raisindot wrote:Wow, Danny. I agree with everything you said about Snuff, except for your ranking.

For me, Snuff may be the weakest of the "later period" DW books, but for me it's still leagues better than nearly all of the early books and some of the later ones. I even prefer it to....PYRAMIDS. :D


As much as I am never one to pass up an opportunity to comdemn Pyramids with metaphorical pitchforks :twisted: I fear that I may look upon even that novel in a better light than I do Snuff...which may be the greatest tragedy of all. :lol:

And since you (all) mention it, I haven't read Equal Rites yet, but I can say that I warmed to The Truth about half way, once I got the gist of the point of the story, but I don't think I'll ever read it again. Sacharissa got on my nerves (however I adore Otto).

Currently re-reading Night Watch, due to start on Thud! and have finally got my hands on The Last Continent... As a patriotic treat. Eh, mate? The former two to mostly remind myself that Vimes (and Willikins, for that matter) has actually been a well-written character.
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Re: Snuff *Warning Spoilers*

Postby raisindot » Thu Dec 29, 2011 2:07 pm

Archaeologist wrote:Danny B: agree, agree, agree!!! But what's this about Pratchett having to dictate now? I didn't know it'd got to that stage. :shock: And yet I don't feel as though it should present such difficulty. I do quite a lot of writing myself (academically and just for fun) and I feel that, while having to dictate a story would be tremendously difficult to get used to, surely the hiccups that come from the new way of doing things can be smoothed out with some re-reading? Don't "they" say that if you're not sure whether something you've written sounds good, read it out to yourself to find out?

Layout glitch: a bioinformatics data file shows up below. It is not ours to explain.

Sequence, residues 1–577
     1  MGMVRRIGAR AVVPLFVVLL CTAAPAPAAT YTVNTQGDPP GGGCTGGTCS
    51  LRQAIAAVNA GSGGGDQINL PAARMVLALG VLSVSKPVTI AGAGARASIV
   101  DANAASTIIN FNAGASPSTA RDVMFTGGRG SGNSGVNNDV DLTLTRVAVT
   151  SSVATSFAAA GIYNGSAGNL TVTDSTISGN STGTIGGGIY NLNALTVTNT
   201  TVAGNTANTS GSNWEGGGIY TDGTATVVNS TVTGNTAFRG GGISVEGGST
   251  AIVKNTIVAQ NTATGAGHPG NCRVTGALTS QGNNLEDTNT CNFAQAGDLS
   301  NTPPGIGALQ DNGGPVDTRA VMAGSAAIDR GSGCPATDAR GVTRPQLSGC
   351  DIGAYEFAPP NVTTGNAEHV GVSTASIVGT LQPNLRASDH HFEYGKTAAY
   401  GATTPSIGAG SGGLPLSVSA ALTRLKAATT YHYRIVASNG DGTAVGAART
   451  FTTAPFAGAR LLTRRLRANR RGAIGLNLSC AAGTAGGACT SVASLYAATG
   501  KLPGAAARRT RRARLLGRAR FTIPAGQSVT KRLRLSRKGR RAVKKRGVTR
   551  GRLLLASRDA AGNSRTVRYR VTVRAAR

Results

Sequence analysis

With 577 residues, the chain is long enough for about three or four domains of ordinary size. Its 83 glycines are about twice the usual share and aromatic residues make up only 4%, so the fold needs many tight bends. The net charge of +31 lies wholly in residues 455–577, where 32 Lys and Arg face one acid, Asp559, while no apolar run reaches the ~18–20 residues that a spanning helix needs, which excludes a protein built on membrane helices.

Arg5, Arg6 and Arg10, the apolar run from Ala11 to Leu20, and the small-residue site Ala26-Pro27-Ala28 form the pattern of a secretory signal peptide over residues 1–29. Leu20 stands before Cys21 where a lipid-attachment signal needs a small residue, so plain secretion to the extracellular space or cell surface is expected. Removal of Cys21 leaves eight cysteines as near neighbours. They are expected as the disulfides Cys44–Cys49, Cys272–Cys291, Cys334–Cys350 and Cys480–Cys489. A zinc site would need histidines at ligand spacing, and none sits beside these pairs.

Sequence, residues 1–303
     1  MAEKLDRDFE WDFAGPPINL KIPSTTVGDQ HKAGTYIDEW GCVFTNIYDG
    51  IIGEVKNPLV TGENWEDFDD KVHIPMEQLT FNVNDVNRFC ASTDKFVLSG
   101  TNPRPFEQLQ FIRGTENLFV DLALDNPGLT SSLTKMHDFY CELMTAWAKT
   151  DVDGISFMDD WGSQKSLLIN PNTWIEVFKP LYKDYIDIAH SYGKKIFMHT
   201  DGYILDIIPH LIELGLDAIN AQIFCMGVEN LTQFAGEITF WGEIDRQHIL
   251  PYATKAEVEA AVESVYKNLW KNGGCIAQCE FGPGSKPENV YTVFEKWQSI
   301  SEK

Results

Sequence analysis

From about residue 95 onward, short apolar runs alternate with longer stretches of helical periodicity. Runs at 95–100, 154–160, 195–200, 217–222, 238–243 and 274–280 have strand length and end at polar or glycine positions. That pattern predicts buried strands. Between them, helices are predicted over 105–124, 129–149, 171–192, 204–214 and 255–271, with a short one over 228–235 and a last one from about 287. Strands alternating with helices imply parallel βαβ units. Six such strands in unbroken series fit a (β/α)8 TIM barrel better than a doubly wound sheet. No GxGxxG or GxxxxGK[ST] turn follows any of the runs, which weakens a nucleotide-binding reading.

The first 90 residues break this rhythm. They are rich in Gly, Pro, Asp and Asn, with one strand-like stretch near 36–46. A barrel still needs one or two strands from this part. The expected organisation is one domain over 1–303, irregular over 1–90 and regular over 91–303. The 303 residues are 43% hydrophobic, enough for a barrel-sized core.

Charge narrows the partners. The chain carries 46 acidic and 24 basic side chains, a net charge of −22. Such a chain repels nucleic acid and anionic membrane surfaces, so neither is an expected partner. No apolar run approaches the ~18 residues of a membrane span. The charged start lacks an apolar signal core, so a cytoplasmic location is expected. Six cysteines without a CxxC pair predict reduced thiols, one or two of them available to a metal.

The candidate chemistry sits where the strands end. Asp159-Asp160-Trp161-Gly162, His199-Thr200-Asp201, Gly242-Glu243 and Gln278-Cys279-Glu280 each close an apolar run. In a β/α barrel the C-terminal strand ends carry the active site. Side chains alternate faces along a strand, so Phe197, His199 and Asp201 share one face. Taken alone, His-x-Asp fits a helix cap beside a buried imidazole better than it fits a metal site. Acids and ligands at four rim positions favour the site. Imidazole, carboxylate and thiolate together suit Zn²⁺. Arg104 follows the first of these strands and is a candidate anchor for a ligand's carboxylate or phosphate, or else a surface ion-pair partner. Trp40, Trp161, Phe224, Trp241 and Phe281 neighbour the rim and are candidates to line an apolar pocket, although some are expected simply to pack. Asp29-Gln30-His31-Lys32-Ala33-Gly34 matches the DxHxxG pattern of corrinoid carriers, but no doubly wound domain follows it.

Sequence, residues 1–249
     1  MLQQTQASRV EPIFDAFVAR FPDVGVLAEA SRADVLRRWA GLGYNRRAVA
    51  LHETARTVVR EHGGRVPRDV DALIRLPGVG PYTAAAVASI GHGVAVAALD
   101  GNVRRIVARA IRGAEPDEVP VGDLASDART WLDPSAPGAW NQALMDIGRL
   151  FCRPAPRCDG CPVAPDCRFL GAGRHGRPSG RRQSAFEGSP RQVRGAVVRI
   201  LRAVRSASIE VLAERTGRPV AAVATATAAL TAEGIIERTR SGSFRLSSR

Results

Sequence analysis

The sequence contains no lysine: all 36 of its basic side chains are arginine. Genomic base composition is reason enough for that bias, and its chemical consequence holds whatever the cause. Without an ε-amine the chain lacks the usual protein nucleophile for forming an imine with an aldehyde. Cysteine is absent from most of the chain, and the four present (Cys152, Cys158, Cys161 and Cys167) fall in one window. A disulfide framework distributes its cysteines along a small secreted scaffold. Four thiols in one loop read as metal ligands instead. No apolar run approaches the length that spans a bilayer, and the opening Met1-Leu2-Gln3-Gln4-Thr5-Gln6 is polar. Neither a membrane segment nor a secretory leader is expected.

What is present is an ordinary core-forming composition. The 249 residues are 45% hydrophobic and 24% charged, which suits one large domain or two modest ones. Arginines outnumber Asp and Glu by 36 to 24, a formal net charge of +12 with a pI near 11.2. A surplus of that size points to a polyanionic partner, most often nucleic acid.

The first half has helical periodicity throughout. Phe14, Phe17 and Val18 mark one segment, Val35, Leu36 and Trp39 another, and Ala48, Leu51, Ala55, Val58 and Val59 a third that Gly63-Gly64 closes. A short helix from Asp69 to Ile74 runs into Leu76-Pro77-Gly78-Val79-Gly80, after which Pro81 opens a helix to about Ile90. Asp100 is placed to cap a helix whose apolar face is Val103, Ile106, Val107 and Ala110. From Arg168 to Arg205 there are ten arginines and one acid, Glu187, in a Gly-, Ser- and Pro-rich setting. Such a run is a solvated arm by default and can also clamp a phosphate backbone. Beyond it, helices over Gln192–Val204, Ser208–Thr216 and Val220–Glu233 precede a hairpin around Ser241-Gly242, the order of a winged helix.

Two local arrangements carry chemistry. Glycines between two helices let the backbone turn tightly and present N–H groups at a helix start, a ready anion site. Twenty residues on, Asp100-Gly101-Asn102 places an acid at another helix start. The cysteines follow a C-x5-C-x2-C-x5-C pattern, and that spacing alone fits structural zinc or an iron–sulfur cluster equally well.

There is a problem with dictating a story, rather than actually writing. Dictating is closer to conversation, where you have more 'freedom' to express yourself in streams of consciousness. (Of course, many writers do write in a stream of consciousness style, but very few can get away with it). Writing things (on paper or on screen) is a disciplined process that allows you instant feedback. You can see what you've written instantly, and retool and make revisions.

For a dictated story to work, the writer needs need an extremely strong and vigilant editor to tone down the excesses and bring the story to a manageable shape. Given Pterry's reputation, I personally believe that no one is seriously trying to strongly edit his recent works, either for sympathy for his condition or out of respect. Thus, I can only assume that his newer works are essentially being published nearly unedited. I believe that had a strong, objective hand worked with Pterry to curb some of the excesses and poor narrative decisions of UA and Snuff, they might have been better books.

Of course, I have no idea of the relationship between Pterry and his editors, so this theory may be balderdash. On the other hand, as I've said before, I Shall Wear Midnight and Nation were else written during this same period, and each is a far superior book to UA and Snuff. It's my belief--that I can't prove--that because these books are aimed at YA audiences, that Pterry's 'dictations' are subject to a far more intensive editorial process--to make sure the stories, words, and concepts are appropriate for the audience--and this stronger editorial hand resulted in the relatively superior quality of these works.
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Re: Snuff *Warning Spoilers*

Postby Archaeologist » Fri Dec 30, 2011 3:39 am

raisindot wrote:
Archaeologist wrote:Danny B: agree, agree, agree!!! But what's this about Pratchett having to dictate now? I didn't know it'd got to that stage. :shock: And yet I don't feel as though it should present such difficulty. I do quite a lot of writing myself (academically and just for fun) and I feel that, while having to dictate a story would be tremendously difficult to get used to, surely the hiccups that come from the new way of doing things can be smoothed out with some re-reading? Don't "they" say that if you're not sure whether something you've written sounds good, read it out to yourself to find out?


There is a problem with dictating a story, rather than actually writing. Dictating is closer to conversation, where you have more 'freedom' to express yourself in streams of consciousness. (Of course, many writers do write in a stream of consciousness style, but very few can get away with it). Writing things (on paper or on screen) is a disciplined process that allows you instant feedback. You can see what you've written instantly, and retool and make revisions.